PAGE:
CES 2019: Intel, Alibaba Group Create AI-Powered 3D Athlete Tracking Tech for 2020 Tokyo Olympics
Intel and Alibaba announced on the eve of CES that the companies are teaming to develop athlete tracking technology powered by artificial intelligence (AI) that is aimed to be deployed at the Olympic Games 2020 and beyond. The technology uses existing and upcoming Intel hardware and Alibaba cloud computing technology to power a cutting-edge deep learning application that extracts 3D forms of athletes in training or competition.
“Optimized to run on Alibaba Cloud infrastructure, Intel developed a novel technology concept called 3D Athlete Tracking that uses AI to analyze video of athletes in ways that are expected to improve both the training process and has the potential to enhance the audience experience during actual competition,” says Navin Shenoy, executive vice president and general manager, Data Center Group, Intel. “This technology has incredible potential as an athlete training tool and is expected to be a game-changer for the way fans experience the Games, creating an entirely new way for broadcasters to analyze, dissect, and reexamine highlights during instant replays.”
How It Works: The combination of computer vision with AI deep learning algorithms will generate a 3D Mesh that enables coaches and trainers to extract intricate real-time biomechanical data — via multiple standard video cameras without the use of special sensors or suits — from which they can analyze performance and introduce new training enhancements.
Specifically, the technology leverages advanced pose modeling techniques and other AI algorithms designed to analyze the biomechanics of an athlete’s movements. The performance is captured with regular video cameras, the AI algorithm is applied with a heavy dose of computing power and a digital model of the performance is created that can be analyzed in different ways.
Intel and Alibaba, together with partners, aim to deliver the first AI-powered 3D athlete tracking during the Olympic Games Tokyo 2020. The partnership seeks to provide athletes with new training data and analysis and provide fans insight into how world-class athletes perform and compare against one another.
“We are proud to partner with Intel on the first-ever AI-powered 3D athlete tracking technology where Alibaba contributes its best-in-class cloud computing capability and algorithmic design,” says Chris Tung, CMO, Alibaba Group. “With our technological advancements, Alibaba is transforming the sports media and broadcasting industries. We continue to collaborate with industry leaders and drive innovations to create new experiences for the world to enjoy.”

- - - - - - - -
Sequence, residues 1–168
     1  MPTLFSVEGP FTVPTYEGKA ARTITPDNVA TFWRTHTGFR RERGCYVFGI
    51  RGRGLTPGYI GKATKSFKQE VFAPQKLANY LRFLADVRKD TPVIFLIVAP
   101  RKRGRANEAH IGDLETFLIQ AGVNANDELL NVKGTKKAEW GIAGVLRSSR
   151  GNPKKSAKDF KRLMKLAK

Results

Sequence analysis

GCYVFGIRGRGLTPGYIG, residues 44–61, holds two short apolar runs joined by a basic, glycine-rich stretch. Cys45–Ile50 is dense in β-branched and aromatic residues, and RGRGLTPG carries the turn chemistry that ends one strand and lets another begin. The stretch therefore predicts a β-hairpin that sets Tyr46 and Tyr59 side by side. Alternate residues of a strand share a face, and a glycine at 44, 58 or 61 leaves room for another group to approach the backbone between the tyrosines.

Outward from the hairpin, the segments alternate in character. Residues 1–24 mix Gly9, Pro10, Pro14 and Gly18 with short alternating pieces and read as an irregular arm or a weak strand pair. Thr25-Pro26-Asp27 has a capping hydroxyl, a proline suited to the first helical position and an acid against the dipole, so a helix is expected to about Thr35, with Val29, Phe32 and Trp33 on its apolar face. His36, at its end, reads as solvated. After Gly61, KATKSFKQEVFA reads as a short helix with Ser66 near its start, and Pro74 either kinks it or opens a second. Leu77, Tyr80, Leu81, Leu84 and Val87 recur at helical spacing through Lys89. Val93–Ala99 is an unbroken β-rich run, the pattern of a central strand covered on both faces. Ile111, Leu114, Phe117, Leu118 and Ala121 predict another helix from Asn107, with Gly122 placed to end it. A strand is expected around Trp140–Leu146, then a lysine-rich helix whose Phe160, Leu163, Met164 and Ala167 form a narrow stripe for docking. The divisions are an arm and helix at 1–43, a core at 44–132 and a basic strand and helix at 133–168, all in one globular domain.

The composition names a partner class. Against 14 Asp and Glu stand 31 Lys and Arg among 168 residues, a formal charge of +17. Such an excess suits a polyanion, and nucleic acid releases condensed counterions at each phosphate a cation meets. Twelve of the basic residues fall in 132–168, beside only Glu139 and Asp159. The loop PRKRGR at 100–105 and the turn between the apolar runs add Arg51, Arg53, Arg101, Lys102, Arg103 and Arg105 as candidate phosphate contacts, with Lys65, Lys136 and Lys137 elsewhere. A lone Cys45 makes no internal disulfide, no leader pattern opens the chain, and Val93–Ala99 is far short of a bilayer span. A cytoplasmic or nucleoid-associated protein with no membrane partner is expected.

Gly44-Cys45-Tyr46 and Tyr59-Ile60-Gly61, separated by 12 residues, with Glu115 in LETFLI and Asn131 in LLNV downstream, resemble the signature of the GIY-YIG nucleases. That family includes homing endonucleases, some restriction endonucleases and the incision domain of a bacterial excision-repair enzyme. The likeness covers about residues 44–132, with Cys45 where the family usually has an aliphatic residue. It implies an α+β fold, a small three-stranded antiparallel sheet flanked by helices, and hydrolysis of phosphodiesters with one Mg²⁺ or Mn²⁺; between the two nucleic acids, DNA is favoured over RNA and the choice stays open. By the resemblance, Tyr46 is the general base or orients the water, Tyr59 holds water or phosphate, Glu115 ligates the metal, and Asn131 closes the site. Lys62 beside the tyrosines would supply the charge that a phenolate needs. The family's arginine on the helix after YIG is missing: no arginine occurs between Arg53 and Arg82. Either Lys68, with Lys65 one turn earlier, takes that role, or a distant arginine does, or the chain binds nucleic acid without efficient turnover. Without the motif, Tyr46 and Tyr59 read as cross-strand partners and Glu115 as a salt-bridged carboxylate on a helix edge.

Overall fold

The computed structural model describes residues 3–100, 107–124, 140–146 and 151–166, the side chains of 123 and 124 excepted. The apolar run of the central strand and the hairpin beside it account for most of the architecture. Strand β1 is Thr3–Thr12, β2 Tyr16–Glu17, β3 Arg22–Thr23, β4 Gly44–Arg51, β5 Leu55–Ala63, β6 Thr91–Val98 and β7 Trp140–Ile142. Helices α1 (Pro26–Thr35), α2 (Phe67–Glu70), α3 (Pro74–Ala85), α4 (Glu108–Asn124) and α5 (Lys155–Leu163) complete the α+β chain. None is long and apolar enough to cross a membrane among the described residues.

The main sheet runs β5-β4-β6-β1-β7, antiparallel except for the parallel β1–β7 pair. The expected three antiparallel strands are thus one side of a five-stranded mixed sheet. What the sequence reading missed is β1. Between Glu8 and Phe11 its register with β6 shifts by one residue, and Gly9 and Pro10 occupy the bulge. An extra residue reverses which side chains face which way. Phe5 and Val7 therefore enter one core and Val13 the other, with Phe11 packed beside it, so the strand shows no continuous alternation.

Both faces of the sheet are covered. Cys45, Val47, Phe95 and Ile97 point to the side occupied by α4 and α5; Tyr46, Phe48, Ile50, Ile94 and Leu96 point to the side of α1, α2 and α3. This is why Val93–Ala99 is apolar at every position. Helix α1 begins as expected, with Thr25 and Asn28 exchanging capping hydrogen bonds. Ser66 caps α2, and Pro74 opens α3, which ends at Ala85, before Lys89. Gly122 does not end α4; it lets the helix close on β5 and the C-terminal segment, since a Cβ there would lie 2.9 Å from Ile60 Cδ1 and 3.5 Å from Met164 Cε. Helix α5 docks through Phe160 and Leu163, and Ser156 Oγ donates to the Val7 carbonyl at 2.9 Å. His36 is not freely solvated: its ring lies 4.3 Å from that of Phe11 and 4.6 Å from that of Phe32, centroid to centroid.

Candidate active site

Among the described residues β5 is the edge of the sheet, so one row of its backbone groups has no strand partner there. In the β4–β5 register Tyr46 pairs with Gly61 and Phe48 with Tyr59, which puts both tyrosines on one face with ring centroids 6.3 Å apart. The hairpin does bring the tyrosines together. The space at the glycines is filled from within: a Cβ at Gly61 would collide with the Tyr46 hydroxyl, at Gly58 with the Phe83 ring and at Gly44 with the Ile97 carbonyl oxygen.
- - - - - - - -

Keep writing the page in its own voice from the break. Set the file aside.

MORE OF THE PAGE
How Intel Participates in Singles Day: The Olympic endeavor is the latest collaboration between Intel and Alibaba. Recently, Alibaba deployed Intel’s latest processor and memory technology to help power the 11.11 Alibaba Global Shopping Festival. The festival set a record $30.8 billion of gross merchandise volume in transactions within 24 hours, and has exploded past both Black Friday and Cyber Monday in popularity and sales.
The Alibaba Global Shopping Festival places a lot of demands on Alibaba Cloud’s infrastructure to perform real-time processing of massive spikes of data and to support heavy amounts of traffic visiting its website. To meet the computing demand, Alibaba deployed next-generation Intel Xeon Scalable processors along with Intel Optane DC persistent memory in its production environment. This new Intel platform can efficiently process massive amounts of data in real-time, enabling Alibaba’s digital commerce applications to deliver a smooth, responsive user experience.
What Alibaba Used: Alibaba’s highly interactive and data-intensive applications require the infrastructure to keep large amounts of hot accessible data in the memory cache to achieve the desired throughput (queries per second) and deliver a smooth and responsive user experiences, especially during peak hours of the Alibaba Global Shopping Festival. The large capacity of Intel Optane DC persistent memory allowed more data to be stored closer to the processor, allowing for significantly higher infrastructure efficiency and lower total cost of ownership.